For Scouts BSA, all service projects must be approved by the unit leader (Scoutmaster) in order to count towards rank advancement. "A service project is a special Good Turn that puts Scout spirit into action.” (Scout Handbook). Projects can take many forms.




Scout Saturday Live

The Western Los Angelos County Council holds a weekly Scout Saturday Live (SSL) and FUN for the entire family. Packed with games, projects, science experiments, and prizes, the SSL! livestream broadcast has something for everyone. The program will air every-other Saturday and is hosted by Scouts.

Scouts who view and participate in the show’s activities have multiple opportunities to check-off requirements toward advancements, awards and merit badges. The next show is scheduled for July 4 at 10:30 am (Pacific Daylight Time)




 


Merit Badge Classes

The Circle Ten Council is offering several online merit badges. There are some pre-requisites that need to be completed prior to the course. The cost is $5. (Central Daylight Time)





 


Merit Badge Classes

The Caddo Area Council is offering several online merit badges. There are some pre-requisites that need to be completed prior to the course. (Central Daylight Time)


Merit Badge Classes

The Black Warrior Council is offering three virtual Merit badge classes via Zoom. Class sizes are limited. (Central Daylight Time)


Scout Connect

Heart of America Council has a series of online merit badge courses. More merit badges are being added each week. (Central Daylight Time)

  • Scout Connect:
    • Animation Merit Badge
    • Emergency Preparedness
    • Journalism
    • Music
    • American Labor
    • Law
    • Public Health
    • Genealogy



Scoutbook App

The new Scoutbook App makes it easier than ever for youth and their parents to view and track advancement. Find the advancements your Scout needs to work on to finish their rank.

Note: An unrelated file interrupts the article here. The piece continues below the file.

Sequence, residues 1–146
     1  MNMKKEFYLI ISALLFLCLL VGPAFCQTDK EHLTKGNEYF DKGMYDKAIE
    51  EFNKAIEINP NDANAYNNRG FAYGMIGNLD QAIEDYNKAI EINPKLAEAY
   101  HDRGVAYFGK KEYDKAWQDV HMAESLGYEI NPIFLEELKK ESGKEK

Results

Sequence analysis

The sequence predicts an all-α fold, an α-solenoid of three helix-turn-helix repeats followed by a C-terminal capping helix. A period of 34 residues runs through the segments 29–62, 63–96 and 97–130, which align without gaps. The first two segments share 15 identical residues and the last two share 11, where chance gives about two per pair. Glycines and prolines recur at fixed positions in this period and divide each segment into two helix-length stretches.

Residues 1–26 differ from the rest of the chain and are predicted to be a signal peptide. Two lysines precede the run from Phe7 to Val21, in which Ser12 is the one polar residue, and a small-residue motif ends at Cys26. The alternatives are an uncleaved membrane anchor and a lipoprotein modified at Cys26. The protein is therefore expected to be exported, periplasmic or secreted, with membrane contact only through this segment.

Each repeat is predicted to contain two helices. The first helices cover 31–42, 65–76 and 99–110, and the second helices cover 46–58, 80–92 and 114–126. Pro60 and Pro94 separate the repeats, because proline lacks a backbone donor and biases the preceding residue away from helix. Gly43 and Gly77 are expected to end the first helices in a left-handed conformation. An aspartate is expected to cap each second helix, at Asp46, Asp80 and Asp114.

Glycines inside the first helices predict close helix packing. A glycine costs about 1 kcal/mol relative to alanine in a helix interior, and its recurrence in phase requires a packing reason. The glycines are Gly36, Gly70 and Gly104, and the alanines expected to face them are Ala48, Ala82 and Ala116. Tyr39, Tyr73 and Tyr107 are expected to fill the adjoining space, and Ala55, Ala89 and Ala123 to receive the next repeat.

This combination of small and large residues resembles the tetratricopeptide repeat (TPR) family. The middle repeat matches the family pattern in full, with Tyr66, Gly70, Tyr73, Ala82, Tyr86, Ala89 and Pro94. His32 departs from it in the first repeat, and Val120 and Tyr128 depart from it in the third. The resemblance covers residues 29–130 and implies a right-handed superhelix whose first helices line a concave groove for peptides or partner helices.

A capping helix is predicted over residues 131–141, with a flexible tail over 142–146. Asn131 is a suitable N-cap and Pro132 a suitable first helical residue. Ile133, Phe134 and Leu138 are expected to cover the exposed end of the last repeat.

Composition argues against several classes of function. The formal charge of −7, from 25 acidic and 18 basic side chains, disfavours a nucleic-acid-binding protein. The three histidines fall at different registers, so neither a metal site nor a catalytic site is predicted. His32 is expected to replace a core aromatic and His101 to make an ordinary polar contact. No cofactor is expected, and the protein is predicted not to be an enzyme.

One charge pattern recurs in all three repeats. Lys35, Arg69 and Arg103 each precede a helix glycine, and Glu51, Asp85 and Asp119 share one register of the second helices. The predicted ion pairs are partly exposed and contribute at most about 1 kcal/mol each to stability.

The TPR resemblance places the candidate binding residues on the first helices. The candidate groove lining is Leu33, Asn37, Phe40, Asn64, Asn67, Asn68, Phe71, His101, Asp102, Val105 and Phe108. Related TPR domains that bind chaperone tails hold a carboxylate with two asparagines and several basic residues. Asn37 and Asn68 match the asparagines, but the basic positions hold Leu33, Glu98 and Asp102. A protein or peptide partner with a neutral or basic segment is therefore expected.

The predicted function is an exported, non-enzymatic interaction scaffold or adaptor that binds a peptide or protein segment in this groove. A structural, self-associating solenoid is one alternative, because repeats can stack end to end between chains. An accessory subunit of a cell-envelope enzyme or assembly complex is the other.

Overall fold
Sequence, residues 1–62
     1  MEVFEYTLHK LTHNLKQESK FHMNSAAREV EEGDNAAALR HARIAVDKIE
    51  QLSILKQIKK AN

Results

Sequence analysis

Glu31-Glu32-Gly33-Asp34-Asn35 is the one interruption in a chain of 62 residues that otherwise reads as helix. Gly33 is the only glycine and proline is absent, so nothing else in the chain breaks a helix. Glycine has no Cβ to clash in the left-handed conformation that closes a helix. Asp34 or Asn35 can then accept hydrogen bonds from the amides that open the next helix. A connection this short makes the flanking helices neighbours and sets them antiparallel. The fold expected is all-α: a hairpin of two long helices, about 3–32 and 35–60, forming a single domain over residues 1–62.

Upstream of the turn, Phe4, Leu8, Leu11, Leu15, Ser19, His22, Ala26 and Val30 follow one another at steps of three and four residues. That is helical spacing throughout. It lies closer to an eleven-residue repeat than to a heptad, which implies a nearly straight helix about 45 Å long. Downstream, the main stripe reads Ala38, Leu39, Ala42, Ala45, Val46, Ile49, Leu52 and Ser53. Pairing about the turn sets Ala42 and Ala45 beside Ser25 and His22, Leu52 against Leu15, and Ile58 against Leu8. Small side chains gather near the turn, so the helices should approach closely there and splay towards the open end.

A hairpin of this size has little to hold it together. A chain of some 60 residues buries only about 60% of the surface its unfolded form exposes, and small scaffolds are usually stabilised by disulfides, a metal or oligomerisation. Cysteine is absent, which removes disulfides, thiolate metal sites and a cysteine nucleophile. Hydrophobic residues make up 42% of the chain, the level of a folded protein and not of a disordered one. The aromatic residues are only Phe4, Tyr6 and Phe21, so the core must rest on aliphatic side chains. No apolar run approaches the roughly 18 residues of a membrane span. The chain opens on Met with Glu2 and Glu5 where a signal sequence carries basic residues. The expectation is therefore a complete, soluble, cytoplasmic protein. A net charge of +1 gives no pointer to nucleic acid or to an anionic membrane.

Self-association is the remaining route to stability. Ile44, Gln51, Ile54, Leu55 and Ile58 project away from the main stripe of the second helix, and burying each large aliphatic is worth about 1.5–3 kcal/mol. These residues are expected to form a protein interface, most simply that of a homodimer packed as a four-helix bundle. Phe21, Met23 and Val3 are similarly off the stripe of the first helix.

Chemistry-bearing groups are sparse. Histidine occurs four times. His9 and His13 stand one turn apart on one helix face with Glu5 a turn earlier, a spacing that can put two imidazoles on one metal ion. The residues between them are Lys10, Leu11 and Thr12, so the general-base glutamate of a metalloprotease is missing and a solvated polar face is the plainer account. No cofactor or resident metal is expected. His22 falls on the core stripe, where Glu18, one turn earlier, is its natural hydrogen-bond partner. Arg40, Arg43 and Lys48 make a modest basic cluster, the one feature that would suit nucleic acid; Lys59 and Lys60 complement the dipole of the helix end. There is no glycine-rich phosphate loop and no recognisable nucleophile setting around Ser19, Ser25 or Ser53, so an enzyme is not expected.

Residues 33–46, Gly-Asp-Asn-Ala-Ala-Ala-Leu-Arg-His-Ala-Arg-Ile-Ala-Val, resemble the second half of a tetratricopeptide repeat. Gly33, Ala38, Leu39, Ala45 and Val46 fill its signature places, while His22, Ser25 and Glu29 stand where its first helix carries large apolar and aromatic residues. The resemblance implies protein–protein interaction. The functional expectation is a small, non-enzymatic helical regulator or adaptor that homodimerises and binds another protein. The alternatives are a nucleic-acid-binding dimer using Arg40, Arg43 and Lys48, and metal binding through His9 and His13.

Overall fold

Advancement Academy

The Cascade Pacific Council has an Advancement Academy with digital den meetings and online merit badge class. Digital den meetings are offered through Zoom and promoted through Facebook. Participants are asked to sign up in advance. (Pacific Time Zone)



Merit Badges at Home

Scouting Magazine shared a list of 58 merit badges that Scouts can complete from home. 



Weekly Challenge

For the next few weeks, the Greater St. Louis Area Council is posting a Weekly Scout Challenge with a variety of Scouting at home challenges every Friday. By the way, parents and Scouters are not left out! Why let the youth have all the fun! 


Merit Badges / Live Events

Alamo Area Council has several online merit badges and Facebook live events.




ScoutShare 

Seneca Waterways Council has set up a site to share ideas on how to do Scouting remotely, plus suggestions on how to work on documents together, and how to hold meetings together if you’re not in the same room.




Daily Scouting Videos

The Dan Beard Council is posting daily Scouting videos and activities that can be done at home! 




Merit Badges

The Narragansett Council has a variety of resources. (Eastern Time Zone)



Scoutbook App

The new Scoutbook App makes it easier than ever for youth and their parents to view and track advancement. Find the advancements your Scout needs to work on to finish their rank.



Boys' Life App

BSA has just released an entire year’s worth of Boys’ Life issues for free on their app! Find projects you can create from home and stories that will take your minds on adventures all over the world.



Scout On

Connecticut Rivers Council has useful programs for all types of Scouts, leaders and parents.  


Online Scouting Resources 

Digital Safety in a Time of Increased Online Activity 

As local councils and units use digital and online resources, such as video conferencing, to continue Scouting meetings, projects and advancement during the COVID-19 outbreak, the National Council is providing the following guidance. Note this guidance is not comprehensive and may differ from the legal requirements of state or local jurisdiction. 

  • BSA’s youth protection policies apply to all online activities. All online activities, including video and audio conferencing through platforms such as Zoom and Skype, must adhere to the BSA’s current youth protection guidelines for digital communications, including the BSA’s Digital Privacy guidelines and the BSA’s Social Media Guidelines. Because safety features and privacy controls vary widely from platform to platform, and out of respect for families’ own preferences concerning social media usage, we strongly recommend using business-oriented conferencing platforms—for example, Zoom, Skype, GoToMeeting and others—to conduct online group activities instead of platforms intended for online gaming (e.g., Discord, Robolux, Twitch).